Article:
That study, conducted by HighScope Educational Research Foundation in Ypsilanti and presented to the State Board of Education in June, found that children enrolled in GSRP across the state were more prepared for kindergarten. Four years after preschool, those kids were still doing better, scoring higher on MEAP tests. Significantly fewer were held back a grade during their academic careers (37 percent, compared to 49 percent of children with the same economic background who didn’t attend preschool). More graduated from high school on time than their non-preschool peers (57 percent to 43 percent).
For minorities, the graduation gap was even wider – 59 percent for pre-K participants compared to 37 percent for families with no formal early childhood education.
Another study conducted by HighScope found that the impact of high-quality preschool was still being felt 40 years later, with participants more likely to hold jobs, make more money in those jobs, and have committed fewer crimes.
Kelly Hart doesn’t need statistics to know the impact the states’ free preschool can have on children. Her daughter Kamrynn was born prematurely. She didn’t talk until she was 2 ½ years old. “She had trouble keeping up with her milestones,” Kelly recalls. “She was really far behind.”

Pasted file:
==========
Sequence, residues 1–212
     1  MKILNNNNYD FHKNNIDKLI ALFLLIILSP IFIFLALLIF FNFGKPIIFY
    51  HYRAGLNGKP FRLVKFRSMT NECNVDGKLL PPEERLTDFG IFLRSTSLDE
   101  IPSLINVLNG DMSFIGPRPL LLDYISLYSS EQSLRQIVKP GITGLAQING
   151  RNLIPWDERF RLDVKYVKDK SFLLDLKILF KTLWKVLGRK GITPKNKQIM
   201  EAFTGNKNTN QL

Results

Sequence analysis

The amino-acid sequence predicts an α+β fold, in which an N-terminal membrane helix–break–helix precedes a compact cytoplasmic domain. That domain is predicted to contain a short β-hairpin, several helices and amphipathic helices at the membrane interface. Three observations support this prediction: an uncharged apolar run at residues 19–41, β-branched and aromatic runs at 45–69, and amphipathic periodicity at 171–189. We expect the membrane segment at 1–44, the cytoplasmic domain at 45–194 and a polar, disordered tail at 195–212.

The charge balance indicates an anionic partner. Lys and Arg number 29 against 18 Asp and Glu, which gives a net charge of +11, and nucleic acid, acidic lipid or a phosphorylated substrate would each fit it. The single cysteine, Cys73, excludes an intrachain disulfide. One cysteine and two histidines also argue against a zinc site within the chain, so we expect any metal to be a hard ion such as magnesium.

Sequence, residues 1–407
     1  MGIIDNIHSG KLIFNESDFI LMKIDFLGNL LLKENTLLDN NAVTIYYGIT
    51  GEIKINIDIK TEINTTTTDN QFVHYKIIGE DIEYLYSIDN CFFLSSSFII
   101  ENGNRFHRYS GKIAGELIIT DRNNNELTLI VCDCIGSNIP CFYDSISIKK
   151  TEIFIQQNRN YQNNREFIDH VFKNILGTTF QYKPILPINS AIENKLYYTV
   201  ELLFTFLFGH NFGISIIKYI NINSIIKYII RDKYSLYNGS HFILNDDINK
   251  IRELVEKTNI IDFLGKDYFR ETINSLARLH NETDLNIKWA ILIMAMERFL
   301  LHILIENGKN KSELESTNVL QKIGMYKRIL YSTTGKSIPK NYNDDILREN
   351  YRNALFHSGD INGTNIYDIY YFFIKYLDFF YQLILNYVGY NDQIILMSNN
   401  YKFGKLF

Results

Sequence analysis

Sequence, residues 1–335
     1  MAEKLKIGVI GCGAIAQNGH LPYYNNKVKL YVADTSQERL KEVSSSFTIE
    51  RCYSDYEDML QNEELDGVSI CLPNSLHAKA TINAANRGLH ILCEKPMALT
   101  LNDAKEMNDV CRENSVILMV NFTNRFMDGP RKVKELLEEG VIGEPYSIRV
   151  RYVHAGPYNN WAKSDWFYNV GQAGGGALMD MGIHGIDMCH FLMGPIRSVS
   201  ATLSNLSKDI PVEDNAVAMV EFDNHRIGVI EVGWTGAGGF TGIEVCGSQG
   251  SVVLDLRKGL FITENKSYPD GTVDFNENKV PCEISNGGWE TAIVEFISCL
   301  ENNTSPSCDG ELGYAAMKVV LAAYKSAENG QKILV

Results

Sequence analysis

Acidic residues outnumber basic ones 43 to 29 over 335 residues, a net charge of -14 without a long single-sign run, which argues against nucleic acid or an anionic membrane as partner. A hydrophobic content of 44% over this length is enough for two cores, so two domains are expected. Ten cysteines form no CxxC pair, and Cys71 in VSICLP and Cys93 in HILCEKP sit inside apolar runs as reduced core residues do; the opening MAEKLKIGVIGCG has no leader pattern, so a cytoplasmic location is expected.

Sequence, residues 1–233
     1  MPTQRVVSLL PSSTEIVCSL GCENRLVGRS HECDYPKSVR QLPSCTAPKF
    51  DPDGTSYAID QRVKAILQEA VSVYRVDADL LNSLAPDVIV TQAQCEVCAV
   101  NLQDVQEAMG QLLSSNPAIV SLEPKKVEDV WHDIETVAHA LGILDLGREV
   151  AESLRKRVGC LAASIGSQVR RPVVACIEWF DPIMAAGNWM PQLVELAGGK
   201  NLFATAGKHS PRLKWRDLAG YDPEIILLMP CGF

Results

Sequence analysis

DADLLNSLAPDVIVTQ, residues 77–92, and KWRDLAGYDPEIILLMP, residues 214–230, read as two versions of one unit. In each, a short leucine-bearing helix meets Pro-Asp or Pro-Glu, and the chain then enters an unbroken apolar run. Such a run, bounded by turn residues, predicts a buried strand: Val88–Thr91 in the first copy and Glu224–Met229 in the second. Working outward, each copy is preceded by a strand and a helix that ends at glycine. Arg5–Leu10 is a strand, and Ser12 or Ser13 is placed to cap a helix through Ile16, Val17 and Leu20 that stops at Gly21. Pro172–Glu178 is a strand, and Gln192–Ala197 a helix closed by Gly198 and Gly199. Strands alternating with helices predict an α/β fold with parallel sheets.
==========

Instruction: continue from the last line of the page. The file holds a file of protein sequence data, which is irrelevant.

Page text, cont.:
After a year in a GSRP classroom in Flushing, Kamrynn was a different girl. “She can write her name,” Kelly boasted. “She knows her address and my cell phone number.
“Without the program, I would be scared about her going into kindergarten. Now I’m confident she’ll keep up.”
Teachers in Bay City Public Schools tell similar stories, after the district recently reinstated its GSRP classrooms. The district dropped its state-funded preschool about five years ago because the money the state provided for the program didn’t cover costs. “The math didn’t add up,” said district curriculum director Adair Aumock. “It wasn’t sustainable.” The district opened a GSRP classroom again in the fall of 2010 as an experiment. When students who’d enrolled in preschool entered kindergarten classes the following September, teachers were stunned.
“Not only were students more academically prepared and school-ready, but parent involvement has gone up,” Aumock said. “We’re engaging parents who may not have had a lot of success in education themselves.”
Just as important to the district, “we’ve seen a larger number of our kindergarten students choosing to stay at their home schools, even in this era of school of choice,” Aumock said.
Though the district is supplementing the cost of the program above the $3,400 per slot provided by the state, it’s turned out to be “good budget-wise for the district.”
Now Bay City has the opposite problem – running a popular program for which there are more deserving students than seats.